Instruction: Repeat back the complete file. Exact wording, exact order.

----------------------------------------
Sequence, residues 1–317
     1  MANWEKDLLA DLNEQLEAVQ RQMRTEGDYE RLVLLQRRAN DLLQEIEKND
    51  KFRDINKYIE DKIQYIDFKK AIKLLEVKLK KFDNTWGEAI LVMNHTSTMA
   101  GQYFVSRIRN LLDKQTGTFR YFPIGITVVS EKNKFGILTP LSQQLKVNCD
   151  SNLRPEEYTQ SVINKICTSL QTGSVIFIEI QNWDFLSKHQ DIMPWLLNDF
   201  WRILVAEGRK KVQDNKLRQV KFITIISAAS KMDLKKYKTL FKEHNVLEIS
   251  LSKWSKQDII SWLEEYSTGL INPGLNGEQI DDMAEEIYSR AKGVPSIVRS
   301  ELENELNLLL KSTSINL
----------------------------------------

Sequence, residues 1–317
     1  MANWEKDLLA DLNEQLEAVQ RQMRTEGDYE RLVLLQRRAN DLLQEIEKND
    51  KFRDINKYIE DKIQYIDFKK AIKLLEVKLK KFDNTWGEAI LVMNHTSTMA
   101  GQYFVSRIRN LLDKQTGTFR YFPIGITVVS EKNKFGILTP LSQQLKVNCD
   151  SNLRPEEYTQ SVINKICTSL QTGSVIFIEI QNWDFLSKHQ DIMPWLLNDF
   201  WRILVAEGRK KVQDNKLRQV KFITIISAAS KMDLKKYKTL FKEHNVLEIS
   251  LSKWSKQDII SWLEEYSTGL INPGLNGEQI DDMAEEIYSR AKGVPSIVRS
   301  ELENELNLLL KSTSINL